The Trump Administration’s proposed tax law will impact homeowners in 3 ways:

  1.  Mortgage interest deductions will be capped
  2.  Local property taxes cannot be fully deducted, and
  3.  The capital gains exemption when you sell your home will be more difficult to get.

Here are the details …

Mortgage Interest Tax Deduction

The proposed law would eliminate the mortgage interest deduction over $500,000. This means home buyers could not deduct interest on the portions of their loans above $500K. If you make a down payment of 20%, you could still buy a $625,000 home and would be able to deduct all of your mortgage interest.

The impact of this change will be minimal in Columbus. The average sales price is currently less than $230,000. Out of 32,900 residential properties sold in Central Ohio in the past 12 months, only 682 were more expensive than $625K.

2.1% of home buyers would be affected by the new tax law.

This map shows which states have the highest percent of mortgages over $500,000.

Property Taxes

The proposed law was supposed to eliminate deductions of all state and local taxes. However, you would still be able to deduct up to $10,000 of the property taxes you pay.​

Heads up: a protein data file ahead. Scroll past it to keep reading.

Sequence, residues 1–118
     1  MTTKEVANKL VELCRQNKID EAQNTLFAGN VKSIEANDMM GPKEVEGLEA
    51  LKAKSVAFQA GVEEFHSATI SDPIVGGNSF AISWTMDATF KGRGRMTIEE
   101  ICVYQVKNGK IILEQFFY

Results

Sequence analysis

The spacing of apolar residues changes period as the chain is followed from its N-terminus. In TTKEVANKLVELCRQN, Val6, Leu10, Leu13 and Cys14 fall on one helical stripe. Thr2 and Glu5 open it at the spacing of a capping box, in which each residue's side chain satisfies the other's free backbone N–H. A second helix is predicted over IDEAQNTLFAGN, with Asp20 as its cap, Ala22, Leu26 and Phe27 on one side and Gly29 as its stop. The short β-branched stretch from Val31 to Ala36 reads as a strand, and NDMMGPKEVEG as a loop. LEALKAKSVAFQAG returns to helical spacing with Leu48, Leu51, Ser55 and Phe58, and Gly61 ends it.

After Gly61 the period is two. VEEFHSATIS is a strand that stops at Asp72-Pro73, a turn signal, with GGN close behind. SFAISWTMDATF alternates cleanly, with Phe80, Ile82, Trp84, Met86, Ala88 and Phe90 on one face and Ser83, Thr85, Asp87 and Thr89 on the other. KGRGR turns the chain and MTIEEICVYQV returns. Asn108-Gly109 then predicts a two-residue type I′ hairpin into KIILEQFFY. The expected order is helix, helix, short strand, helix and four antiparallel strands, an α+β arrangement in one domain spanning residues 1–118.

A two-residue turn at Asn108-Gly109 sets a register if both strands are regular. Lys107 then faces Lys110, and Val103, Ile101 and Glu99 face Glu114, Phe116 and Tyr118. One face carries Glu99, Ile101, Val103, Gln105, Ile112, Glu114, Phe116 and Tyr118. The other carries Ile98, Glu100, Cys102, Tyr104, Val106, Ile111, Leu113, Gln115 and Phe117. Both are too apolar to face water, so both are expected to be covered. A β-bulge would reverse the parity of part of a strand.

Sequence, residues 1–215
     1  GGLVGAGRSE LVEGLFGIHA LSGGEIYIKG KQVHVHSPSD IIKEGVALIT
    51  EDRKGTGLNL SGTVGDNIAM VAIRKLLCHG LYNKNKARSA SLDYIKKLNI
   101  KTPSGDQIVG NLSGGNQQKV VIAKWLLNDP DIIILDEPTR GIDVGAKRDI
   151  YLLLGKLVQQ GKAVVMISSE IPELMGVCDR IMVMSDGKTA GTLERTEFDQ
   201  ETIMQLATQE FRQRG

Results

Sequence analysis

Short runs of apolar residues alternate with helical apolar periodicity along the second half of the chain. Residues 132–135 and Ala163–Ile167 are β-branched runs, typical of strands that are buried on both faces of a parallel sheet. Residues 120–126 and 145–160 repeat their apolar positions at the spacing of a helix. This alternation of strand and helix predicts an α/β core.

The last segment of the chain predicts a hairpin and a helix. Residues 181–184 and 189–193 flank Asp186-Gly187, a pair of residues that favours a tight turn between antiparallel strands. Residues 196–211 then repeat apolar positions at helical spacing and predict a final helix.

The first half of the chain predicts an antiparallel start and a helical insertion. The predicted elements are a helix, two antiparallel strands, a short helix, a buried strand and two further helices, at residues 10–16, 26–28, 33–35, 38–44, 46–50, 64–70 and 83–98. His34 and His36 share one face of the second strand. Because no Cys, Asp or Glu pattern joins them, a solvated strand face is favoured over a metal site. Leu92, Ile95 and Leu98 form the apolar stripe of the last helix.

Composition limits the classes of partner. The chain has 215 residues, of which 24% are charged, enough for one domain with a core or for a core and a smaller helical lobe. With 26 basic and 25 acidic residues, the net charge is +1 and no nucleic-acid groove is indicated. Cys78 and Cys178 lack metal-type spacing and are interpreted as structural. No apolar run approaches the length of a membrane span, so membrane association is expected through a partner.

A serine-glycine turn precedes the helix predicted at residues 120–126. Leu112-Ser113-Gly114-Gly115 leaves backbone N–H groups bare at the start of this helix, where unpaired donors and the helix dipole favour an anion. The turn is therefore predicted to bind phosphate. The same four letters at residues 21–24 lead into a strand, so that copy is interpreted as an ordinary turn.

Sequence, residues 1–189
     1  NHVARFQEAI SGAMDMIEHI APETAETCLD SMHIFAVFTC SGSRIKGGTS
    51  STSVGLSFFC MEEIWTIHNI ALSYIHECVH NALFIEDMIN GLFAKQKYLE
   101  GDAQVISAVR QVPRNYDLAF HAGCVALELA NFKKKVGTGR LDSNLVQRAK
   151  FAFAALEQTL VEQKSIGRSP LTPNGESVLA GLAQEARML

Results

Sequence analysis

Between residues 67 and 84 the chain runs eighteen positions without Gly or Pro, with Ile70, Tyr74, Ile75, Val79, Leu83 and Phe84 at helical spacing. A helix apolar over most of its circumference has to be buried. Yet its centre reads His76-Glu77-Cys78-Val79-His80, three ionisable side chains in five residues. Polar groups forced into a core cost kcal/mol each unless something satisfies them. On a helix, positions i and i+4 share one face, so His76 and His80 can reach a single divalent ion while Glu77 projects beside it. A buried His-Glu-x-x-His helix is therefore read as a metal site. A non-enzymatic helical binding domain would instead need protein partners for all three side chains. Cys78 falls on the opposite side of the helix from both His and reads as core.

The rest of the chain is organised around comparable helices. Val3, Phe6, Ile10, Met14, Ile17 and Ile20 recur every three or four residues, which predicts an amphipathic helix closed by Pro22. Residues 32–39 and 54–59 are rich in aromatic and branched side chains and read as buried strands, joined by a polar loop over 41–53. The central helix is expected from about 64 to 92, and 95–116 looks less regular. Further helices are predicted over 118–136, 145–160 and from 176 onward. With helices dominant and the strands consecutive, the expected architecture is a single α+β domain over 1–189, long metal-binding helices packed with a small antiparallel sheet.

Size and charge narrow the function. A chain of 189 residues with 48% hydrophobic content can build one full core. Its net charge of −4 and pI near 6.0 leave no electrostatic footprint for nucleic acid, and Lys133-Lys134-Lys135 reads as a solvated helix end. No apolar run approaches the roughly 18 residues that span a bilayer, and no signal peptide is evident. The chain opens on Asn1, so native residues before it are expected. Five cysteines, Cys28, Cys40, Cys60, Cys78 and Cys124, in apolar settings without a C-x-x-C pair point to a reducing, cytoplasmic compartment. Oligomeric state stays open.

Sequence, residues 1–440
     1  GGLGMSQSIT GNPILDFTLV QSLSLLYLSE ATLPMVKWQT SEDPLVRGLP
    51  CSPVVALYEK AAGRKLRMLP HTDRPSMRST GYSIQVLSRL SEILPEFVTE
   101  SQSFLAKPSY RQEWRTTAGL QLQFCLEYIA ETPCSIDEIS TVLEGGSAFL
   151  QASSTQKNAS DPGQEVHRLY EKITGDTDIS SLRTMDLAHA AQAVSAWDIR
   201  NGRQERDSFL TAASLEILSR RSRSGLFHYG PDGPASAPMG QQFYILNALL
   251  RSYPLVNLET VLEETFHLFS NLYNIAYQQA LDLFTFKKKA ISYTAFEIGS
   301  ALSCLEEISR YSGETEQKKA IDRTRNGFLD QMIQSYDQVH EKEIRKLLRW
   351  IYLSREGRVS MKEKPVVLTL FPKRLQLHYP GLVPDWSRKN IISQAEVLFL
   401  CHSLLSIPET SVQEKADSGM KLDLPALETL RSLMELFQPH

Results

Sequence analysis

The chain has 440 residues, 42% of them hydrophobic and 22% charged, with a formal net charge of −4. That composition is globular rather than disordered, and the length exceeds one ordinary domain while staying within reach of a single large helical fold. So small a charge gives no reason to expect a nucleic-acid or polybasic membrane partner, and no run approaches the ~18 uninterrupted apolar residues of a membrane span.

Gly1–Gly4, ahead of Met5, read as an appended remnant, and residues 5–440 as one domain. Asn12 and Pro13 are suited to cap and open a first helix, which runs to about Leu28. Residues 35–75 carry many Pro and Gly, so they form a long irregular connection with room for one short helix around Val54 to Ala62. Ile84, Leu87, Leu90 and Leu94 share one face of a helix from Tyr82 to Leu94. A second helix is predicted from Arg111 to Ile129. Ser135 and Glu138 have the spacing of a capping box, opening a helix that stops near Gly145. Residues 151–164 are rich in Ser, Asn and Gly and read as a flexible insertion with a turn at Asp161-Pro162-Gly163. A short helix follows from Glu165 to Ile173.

This will impact homeowners in the suburbs. For instance, property taxes for a home valued around $350,000 in Dublin exceed $10,000.

This would also impact homeowners who are subject to school income taxes. Many rural communities charge lower property taxes than Columbus and most suburbs. However, they charge school income taxes, which would not be deductible under the new plan.

Capital Gains Exemption

The current tax law allows homeowners to exclude up to $250,000 in capital gains ($500,000 for married couples) from the sale of their primary residence. Under the new plan homeowners must have owned and lived in the property for at least five of the last eight years. Currently, the rule is two of the last five.

Taxpayers’ use of the exemption would be limited to one sale every five years, rather than one every two. In addition, you would lose the gains exemption, if your adjusted gross income exceeds $500,000 for married couples, or $250,000 if single.

The changes in the capital gains exemption gives home owners even less incentive to sell. And that’s not going to help with our inventory crisis.

Overcome the uncertainties of the new tax plan and list your home NOW!

Call or text me at (614) 975-9650!